Richard Walter(s) Heurtley M.D. (7 April 1816 – 30 March 1891) was a British orthodox physician who converted to homeopathy and was a patron of the British Homeopathic Society alongside John Epps, Marmaduke Blake Sampson and Thomas Uwins. Richard Walter Heurtley was also the Honorary Secretary of the English Homeopathic Association, and he was instrumental in the founding of the British Homeopathic Association.

Richard Walter Heurtley was a colleague of the Marquis of Anglesea, Francis Black, Edward Charles Chepmell, the Duke of Beaufort, Robert Grosvenor, Edward Hamilton, John Ozanne, Frederick Hervey Foster Quin, John Rutherford Russell and many others

Richard Walters Heurtley was born in Nottinghamshire, England in 1816, although another account lists his birthplace and date as Portsmouth, Hants, 1811.

By 1841 Heurtley was working at the Bank of England in London. That year he was recorded as being a member of the Phrenological Association, founded in 1838. In 1842 Heurtley was involved in a series of exchanges with an opponent of Phrenology, Dr. Robert Dick, in the pages of the Lancet.

In September, 1841, Heurtley married Anne Laker (1815 – 1876), a Baptist from Maidstone, Kent. They had two children, Juliet Anne Theodora (1841 – 1912) and Percy Heurtley (1843 – 1936).

It is unclear how Heurtley became involved in homeopathy, although a comment from his friend Marmaduke Blake Sampson suggests that it was the result of a visit by one or both of them to the United States around 1837. Nevertheless, Heurtley was an instrumental figure in the early days of British homeopathy. In 1845, the English Homeopathic Association was formed by Sampson, Heurtley and John Epps. Heurtley was appointed as the Honorary Secretary of this society.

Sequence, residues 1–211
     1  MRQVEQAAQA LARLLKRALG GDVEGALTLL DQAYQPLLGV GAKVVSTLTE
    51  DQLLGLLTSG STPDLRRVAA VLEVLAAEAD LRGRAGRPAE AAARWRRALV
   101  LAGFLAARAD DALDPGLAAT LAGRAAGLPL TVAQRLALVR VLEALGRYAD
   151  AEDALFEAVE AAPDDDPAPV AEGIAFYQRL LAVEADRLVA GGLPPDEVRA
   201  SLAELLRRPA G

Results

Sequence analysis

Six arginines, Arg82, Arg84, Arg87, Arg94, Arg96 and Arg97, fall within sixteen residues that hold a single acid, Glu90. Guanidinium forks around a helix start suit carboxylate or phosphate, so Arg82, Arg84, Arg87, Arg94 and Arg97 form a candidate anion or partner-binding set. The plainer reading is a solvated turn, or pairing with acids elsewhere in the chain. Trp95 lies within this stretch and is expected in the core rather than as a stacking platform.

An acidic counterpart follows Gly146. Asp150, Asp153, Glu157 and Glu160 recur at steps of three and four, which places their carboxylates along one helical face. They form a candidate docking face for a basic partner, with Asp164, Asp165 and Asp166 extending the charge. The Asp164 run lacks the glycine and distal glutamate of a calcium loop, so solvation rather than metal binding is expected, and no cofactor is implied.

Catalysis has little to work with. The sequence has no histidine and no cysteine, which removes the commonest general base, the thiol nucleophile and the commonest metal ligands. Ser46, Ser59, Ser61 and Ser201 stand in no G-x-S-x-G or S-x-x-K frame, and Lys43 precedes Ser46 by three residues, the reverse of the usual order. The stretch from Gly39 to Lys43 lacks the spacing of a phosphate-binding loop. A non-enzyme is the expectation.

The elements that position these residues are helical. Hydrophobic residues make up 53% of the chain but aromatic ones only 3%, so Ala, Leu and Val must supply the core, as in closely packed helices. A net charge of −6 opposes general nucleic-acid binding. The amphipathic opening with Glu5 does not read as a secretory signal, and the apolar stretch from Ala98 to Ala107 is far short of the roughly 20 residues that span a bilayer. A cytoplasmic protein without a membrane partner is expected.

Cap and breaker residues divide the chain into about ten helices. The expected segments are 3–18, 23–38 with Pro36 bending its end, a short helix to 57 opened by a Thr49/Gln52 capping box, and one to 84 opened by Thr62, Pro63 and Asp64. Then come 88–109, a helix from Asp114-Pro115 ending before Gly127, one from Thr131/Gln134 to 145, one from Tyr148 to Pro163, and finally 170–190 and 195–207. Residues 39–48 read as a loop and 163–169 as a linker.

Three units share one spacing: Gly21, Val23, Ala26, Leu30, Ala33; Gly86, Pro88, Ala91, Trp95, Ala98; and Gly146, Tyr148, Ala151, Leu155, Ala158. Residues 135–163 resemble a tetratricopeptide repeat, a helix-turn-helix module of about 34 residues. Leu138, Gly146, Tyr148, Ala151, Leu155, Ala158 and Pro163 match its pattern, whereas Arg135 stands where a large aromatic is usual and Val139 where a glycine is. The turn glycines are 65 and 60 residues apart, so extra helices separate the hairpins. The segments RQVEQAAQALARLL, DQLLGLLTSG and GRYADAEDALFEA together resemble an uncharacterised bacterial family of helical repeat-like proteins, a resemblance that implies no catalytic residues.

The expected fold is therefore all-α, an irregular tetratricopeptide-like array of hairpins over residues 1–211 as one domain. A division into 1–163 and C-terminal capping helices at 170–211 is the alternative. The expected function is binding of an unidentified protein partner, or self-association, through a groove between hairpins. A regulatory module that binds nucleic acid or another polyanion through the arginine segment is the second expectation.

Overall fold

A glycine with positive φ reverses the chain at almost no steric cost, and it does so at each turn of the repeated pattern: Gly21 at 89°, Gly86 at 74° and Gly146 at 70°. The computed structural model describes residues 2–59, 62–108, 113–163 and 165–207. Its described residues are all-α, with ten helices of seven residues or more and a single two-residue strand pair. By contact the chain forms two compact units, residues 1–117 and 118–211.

In his capacity as honorary secretary of the E.H.A., in the October 1846 edition of the London Medical Gazette, Heurtley advertised for a resident medical officer for the homeopathic hospital at 17 Hanover Square. This effort at institutionalizing and professionalizing homeopathy in the capital aroused the indignation and ire of a number of orthodox medical men.

A year later, in 1847, Heurtley and Sampson found themselves at the centre of a power struggle with fellow E.H.A. committee members. Heurtley and Sampson duly reformed and renamed the society as the British Homoeopathic Association, a lay organization that they intended to work in conjunction with the professional British Homeopathic Society to advance the interests of homeopathy.

Heurtley remained actively involved in the B.H.A. and in August 1849 delivered a report to the annual meeting highlighting the growth of the society. At a second meeting on 10th October 1849, Heurtley was present when it was resolved to dissolve the B.H.A. and direct its resources and members towards the construction of a new, purpose built London Homeopathic Hospital.

After the cessation of the B.H.A., Heurtley played no further significant role in the London homeopathic community. It appears that he and his family emigrated to Boston, USA, around 1850. It seems this was not a successful move and shortly after Heurtley and his wife separated; she and their children returned to England.

By 1853, Richard Walter Heurtley was residing at 109 Water Street in New York City, where he was was listed on the board of trustees for the New York Homoeopathic Dispensary.

In the annual catalogues of officers and students at Columbia College from 1857 to 1861, R. Walter Heurtley was recorded as an enrolled student in the medical school. His name no longer appears as of the 1861 – 1862 class, and it is unclear whether or not he received a medical diploma from the College.